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I need to implement a password reset feature for a system that will be controlled by a security question and answer pair. The problem is that I can't guarantee I'll have a valid e-mail address or cell number for the account that I can use to communicate a reset link or code. This means the entire process will happen on the web page. I will have a known e-mail address for the user, but it's an address that was issued by the system in the first place, meaning the fact that someone is using this feature at all may imply they no longer have access to that account.

In this circumstance, it seems like the security answer effectively becomes an alternative password, in that knowing the Question (I plan on requiring you to select the correct question from a list, as well) and Answer for an account are the same as knowing the password. This makes me think that you'd need to have the same kind of complexity requirements for the security answer that you do for a password. However, I can't recall ever seeing this implemented. If I've run into requirements at all, it's usually something simple, like at least 3 characters just to make sure you put something verifiable into the field. They're also relying on the fact that send the code to a registered location in place of the additional complexity.

I plan to mitigate this by also sending an e-mail on completion, or when the session expires on failure, and by limiting the number of attempts in a given time frame. The system administrator has the ability to do a reset manually, without knowing the question/answer or original password, so I can't lose control of the account. But it seems like I'm still missing something. How should I handle this?

  • FWIW, I ended up requiring an e-mail verification step. Those who can't get the confirmation message will probably have to visit campus (we're a small college) to update their info. Now the weak point is our alumni office, which might be too eager to allow someone to give them new information. – Joel Coehoorn Nov 15 '17 at 15:14
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In this circumstance, it seems like the security answer effectively becomes an alternative password

That's right. Which is also why this seems like a really bad idea. It will only work as a feature if the question is something simple, something the user will know without having to remember it, which means that an attacker can figure it out as well (by searching for info online, on facebook, asking the victim, etc).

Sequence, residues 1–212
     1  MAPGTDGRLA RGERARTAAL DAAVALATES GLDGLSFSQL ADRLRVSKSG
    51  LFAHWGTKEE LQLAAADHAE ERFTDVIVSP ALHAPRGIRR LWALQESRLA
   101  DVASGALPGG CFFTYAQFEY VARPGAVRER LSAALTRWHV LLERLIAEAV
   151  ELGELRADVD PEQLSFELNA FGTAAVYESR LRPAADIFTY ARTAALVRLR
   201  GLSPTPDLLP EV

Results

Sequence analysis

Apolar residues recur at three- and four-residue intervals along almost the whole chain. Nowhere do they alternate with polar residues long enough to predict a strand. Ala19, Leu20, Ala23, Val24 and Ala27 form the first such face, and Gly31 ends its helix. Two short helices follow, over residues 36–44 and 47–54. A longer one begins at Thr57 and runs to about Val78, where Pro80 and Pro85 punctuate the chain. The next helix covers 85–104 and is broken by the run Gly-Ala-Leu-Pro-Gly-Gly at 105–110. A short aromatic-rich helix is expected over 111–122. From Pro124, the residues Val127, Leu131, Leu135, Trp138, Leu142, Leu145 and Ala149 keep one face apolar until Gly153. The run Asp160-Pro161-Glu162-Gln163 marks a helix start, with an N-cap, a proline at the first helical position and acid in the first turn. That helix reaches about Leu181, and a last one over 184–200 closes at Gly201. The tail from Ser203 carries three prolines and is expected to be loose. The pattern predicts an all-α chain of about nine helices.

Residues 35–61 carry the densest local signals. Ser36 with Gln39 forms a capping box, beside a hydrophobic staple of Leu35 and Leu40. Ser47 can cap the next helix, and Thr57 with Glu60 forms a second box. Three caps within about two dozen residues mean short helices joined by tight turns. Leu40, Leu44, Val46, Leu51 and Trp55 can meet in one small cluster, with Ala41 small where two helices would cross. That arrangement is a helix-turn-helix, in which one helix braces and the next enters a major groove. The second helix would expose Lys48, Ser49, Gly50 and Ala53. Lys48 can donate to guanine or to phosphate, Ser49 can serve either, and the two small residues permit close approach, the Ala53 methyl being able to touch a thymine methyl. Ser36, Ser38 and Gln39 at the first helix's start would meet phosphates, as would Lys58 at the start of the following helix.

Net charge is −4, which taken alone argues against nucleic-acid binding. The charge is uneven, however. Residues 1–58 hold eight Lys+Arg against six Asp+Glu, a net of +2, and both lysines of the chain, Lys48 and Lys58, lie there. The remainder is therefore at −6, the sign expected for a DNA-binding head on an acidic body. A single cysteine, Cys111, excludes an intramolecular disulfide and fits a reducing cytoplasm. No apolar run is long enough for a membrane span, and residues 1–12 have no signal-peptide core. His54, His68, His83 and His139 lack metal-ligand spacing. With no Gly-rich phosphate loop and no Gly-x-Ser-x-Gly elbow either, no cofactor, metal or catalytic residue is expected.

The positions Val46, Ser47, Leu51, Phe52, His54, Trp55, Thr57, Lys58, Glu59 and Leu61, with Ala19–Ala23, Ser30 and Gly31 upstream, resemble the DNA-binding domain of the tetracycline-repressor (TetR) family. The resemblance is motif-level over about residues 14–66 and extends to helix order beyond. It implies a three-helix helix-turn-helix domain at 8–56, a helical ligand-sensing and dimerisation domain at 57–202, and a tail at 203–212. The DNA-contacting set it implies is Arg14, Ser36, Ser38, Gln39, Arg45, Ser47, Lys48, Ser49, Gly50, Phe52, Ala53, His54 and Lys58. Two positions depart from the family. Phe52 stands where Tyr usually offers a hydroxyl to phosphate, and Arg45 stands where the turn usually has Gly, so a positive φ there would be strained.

Your current idea would weaken the security of your user accounts considerably, so I would look for an alternative. The best way would be to require an alternate email address or phone number (such as most email providers such as google do).

Another alternative (if you require real names for sign-up) would be to require something like the copy of an identifying document for password recovery. An attacker might still be able to get this (especially if they know their victim personally), but it would be a bit more complicated.

If you want to stick with your concept, at the very least I would perform password resets via phone instead of online, to deter some attackers.

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I would not recommend doing what you are trying to do. As you pointed out, the question/answer is much less secure than a normal user/pass, and security is only as effective as the weakest link, and obviously this sort of implementation is the weak link. Also, as an aside, it may be difficult to remember which security question was originally selected.

Your problem is exactly as you stated:

The problem is that I can't guarantee I'll have a valid e-mail address or cell number for the account that I can use to communicate a reset link or code.

I would suggest you ask why not? What can you do so that you guarantee it? There are some (very popular) websites that give you the option of associating an email address with your account. If you do, you can reset your password. If you don't and you forget your password- then you're SOL, and you must create a new account. I would consider that approach over reducing the security of everyone just so some people who choose not to submit a valid email can reset their password.

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Do not try to reinvent the wheel. Do not sacrifice security for usability

The existing password resetting schemes are already tested and validated against access control threats. They are not perfect but they are accepted.

The approach you propose to reset the password is very weak.

Think about that I am an attacker. I do not need to go after the account and try expensive brute force or dictionary attack. I need just to claim that I forgot my password then I will be directed to the security questions page where I have a list of all possible valid questions I can try each one of them. The answer is most likely a dictionary word or phrase or at least human readable. Moreover, I know a bit of social engineering it is happen that the account I am trying to attack I know the legitimate owner of the account. The chance that I will break into the account is very high.

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